Gita ad­vises Ker­ala to tighten belt, GST not to blame for state’s bad fi­nances

The Gulf Today - - ASIA - BY ASHRAF PADANNA

TRI­VAN­DRUM: Har­vard econ­o­mist Gita Gopinath has warned Ker­ala to be cau­tious on spend­ings for the deep iscal cri­sis the south­ern state is in.

Re­ject­ing the prac­tice of inance min­is­ter TM Thomas Isaac blam­ing the Goods and Ser­vices Tax (GST), she said In­dian econ­omy would start reap­ing beneits of the new tax regime within six months.

The widely-recog­nised aca­demic whose roots are in the north­ern dis­trict of Kan­nur is the hand­picked eco­nomic ad­vi­sor of chief min­is­ter Pi­narayi Vi­jayan. She was here to at­tend the two-day World Ker­ala As­sem­bly that con­cluded on Satur­day.

“I give ad­vice and whether it is taken or not is a sep­a­rate point. I don’t think just be­cause I’m giv­ing ad­vice things are going to go ine,” she told re­porters here, ex­press­ing her con­cern about the state’s fail­ure to man­age rev­enue de­icit.

“This prob­lem be­gan be­fore the GST, so its prob­lem­atic. You can’t blame it on GST for the in­crease in rev­enue ex­pen­di­ture. The growth and ex­pen­di­ture need to be taken care of. In the long run, I think GST will be good for Ker­ala in terms of rais­ing rev­enue.” The inance min­is­ter also ad­mit­ted that un­con­trolled ex­pen­di­ture ex­pect­ing growth in rev­enue led to the iscal cri­sis. He said he was going to end that prac­tice in the up­com­ing an­nual bud­get.

Gopinath, how­ever, ob­served that the sud­den with­drawal of high-value cur­ren­cies in 2016 by Prime Min­is­ter Naren­dra Modi had its im­pact on the econ­omy neg­a­tively, though it gave out an im­pres­sion that the govern­ment was se­ri­ous about crack­ing down on black money.

“The bud­get has to ad­dress the iscal sit­u­a­tion for sure. On the rev­enue side, the GST will start im­pact­ing pos­i­tively af­ter six months or so,” she said.

The state has been spend­ing heav­ily on ex­che­quer drain­ing pub­lic sec­tor en­ti­ties and on salaries and pen­sions to keep a no­to­ri­ously in­e­fi­cient bu­reau­cracy in good hu­mour.

It was also bor­row­ing heav­ily nudg­ing the in­dus­tri­ally lag­gard state into a debt trap. To over­come the fed­eral lim­its to bor­row­ings, it is now scout­ing for di­as­pora fund­ing through the Ker­ala In­fra­struc­ture Fund Board (Kifbi) with­out much suc­cess.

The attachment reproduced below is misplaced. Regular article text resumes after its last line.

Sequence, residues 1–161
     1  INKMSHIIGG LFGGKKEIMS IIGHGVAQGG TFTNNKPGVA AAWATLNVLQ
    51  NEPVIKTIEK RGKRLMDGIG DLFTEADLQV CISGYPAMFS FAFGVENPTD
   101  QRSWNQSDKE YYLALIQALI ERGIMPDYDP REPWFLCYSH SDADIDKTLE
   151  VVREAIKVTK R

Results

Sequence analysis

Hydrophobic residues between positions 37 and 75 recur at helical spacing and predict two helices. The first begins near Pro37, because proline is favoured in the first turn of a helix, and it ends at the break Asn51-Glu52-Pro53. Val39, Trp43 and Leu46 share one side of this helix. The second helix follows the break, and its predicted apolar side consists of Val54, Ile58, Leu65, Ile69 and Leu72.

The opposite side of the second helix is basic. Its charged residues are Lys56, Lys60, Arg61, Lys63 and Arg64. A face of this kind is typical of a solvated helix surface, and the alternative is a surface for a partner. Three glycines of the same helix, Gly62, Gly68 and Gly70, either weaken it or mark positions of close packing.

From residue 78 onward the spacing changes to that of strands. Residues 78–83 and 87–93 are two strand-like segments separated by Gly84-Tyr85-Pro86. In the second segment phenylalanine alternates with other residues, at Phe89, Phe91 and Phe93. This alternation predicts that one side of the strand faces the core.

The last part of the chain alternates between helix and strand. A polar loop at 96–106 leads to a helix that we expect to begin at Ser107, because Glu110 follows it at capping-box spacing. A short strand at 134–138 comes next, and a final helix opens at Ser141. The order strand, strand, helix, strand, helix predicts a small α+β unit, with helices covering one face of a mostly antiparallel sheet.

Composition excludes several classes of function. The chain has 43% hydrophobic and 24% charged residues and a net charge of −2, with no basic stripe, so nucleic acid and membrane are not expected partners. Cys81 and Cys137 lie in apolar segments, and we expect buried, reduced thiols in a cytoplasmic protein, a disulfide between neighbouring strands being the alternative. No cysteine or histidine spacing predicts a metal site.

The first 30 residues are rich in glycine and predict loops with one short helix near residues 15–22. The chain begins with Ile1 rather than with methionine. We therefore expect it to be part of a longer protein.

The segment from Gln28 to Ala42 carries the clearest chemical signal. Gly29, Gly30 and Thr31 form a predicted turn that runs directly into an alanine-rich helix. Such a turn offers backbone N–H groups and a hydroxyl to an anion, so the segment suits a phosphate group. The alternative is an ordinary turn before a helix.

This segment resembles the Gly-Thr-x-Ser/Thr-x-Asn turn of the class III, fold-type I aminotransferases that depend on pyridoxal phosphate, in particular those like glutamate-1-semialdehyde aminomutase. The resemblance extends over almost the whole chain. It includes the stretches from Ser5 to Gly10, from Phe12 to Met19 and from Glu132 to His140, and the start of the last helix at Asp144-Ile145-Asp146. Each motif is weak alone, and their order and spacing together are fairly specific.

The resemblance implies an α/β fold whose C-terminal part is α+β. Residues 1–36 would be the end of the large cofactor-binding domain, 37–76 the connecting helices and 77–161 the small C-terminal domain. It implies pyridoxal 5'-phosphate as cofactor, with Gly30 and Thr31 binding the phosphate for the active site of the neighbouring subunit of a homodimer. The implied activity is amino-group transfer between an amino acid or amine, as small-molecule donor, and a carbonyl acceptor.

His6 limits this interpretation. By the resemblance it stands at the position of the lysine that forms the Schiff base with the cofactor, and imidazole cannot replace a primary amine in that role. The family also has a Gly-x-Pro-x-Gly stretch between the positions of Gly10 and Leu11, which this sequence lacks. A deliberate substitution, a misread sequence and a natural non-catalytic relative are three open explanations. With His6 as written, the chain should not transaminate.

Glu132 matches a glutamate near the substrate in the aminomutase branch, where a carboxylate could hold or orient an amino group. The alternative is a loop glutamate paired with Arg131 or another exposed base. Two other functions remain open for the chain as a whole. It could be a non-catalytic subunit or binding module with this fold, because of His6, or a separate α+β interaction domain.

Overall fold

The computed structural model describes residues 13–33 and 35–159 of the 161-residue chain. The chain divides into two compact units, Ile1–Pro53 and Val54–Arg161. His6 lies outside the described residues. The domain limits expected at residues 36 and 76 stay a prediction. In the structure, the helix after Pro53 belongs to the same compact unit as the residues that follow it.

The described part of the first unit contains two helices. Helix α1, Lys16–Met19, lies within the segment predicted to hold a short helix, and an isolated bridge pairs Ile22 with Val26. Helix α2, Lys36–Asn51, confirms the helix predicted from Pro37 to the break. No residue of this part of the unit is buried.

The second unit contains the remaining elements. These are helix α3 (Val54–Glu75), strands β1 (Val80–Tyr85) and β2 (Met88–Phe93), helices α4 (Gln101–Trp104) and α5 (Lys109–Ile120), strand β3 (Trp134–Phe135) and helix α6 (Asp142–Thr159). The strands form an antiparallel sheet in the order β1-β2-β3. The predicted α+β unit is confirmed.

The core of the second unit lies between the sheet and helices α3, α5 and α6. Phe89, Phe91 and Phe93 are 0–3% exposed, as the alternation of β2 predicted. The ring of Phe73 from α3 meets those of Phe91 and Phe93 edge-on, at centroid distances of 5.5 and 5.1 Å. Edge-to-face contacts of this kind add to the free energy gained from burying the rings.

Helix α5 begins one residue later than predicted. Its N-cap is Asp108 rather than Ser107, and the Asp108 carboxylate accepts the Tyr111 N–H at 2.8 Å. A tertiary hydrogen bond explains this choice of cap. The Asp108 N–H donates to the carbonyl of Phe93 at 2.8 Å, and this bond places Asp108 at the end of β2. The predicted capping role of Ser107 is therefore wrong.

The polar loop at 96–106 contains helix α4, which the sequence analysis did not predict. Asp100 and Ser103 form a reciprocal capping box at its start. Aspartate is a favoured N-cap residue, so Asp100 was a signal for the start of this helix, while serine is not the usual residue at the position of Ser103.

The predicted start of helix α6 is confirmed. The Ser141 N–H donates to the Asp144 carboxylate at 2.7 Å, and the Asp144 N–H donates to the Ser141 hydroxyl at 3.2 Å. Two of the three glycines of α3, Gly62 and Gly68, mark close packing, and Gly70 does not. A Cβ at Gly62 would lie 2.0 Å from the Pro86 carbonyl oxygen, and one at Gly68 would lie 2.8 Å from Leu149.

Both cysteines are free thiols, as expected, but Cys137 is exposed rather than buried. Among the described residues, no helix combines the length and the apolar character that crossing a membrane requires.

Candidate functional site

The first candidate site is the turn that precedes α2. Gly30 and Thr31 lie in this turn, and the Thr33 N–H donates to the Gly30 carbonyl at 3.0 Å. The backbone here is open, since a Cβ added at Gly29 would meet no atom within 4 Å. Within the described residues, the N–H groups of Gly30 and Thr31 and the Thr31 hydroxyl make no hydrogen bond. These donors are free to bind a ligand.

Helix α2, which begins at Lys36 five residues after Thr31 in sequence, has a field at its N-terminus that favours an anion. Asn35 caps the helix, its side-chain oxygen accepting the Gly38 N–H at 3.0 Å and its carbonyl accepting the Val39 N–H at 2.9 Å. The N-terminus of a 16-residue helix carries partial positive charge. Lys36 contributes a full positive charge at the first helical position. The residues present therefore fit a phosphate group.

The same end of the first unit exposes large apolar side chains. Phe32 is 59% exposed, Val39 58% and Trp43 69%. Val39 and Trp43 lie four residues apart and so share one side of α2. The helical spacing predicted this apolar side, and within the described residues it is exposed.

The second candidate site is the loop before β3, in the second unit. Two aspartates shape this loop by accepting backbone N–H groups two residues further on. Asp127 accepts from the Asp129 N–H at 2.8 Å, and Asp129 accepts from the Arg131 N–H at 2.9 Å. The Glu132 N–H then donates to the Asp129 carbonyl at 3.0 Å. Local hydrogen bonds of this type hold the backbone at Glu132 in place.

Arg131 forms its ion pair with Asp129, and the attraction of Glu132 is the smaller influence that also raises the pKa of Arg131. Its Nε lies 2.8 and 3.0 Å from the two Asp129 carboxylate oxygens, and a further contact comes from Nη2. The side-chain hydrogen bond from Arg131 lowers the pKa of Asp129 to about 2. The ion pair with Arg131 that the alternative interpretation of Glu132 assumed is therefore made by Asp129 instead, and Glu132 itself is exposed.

Chief min­is­ter Pi­narayi Vi­jayan ad­dressed the con­clud­ing ses­sion of­fer­ing to set up a sin­gle-win­dow scheme for in­vestors, set­ting up a cham­ber of com­merce for them and projects for re­turn mi­grants.

Top bu­reau­crats led by chief sec­re­tary Paul Antony sat in a cir­cle be­tween the podium and the “mem­bers of the house” tak­ing notes of the pro­ceed­ings like in the leg­isla­tive as­sem­bly.

The pro­ceed­ings be­gan with the recit­ing of the na­tional an­them and the chief sec­re­tary, des­ig­nated as the sec­re­tary of the house, read out the dec­la­ra­tion of its for­ma­tion and in­vited the speaker, the leader and deputy leader to the podium.

Some del­e­gates wel­comed the ar­range­ments while oth­ers found it awk­ward bor­der­ing a farce, tak­ing the sheen out of se­ri­ous dis­cus­sions. The speaker an­nounced the be­gin­ning of the ses­sion.

They chose deputy speaker V Sasi, Anto Antony MP, ex­pa­tri­ate en­trepreneurs Yusuf­fali MA, M Anirud­han and CP Hari­das and ilm star Re­vathi as mem­bers of the pre­sid­ium.

“This is the irst event of its kind to be held in the coun­try. This would be held once in two years,” Vi­jayan said.

“The dis­cus­sions and de­lib­er­a­tions that take place in the next two days, could well be an engine for the fu­ture growth of Ker­ala.”

Gov­er­nor P. Satha­si­vam ad­dresses the vale­dic­tory func­tion of World Ker­ala As­sem­bly on Satur­day.

Newspapers in English

Newspapers from UAE

© PressReader. All rights reserved.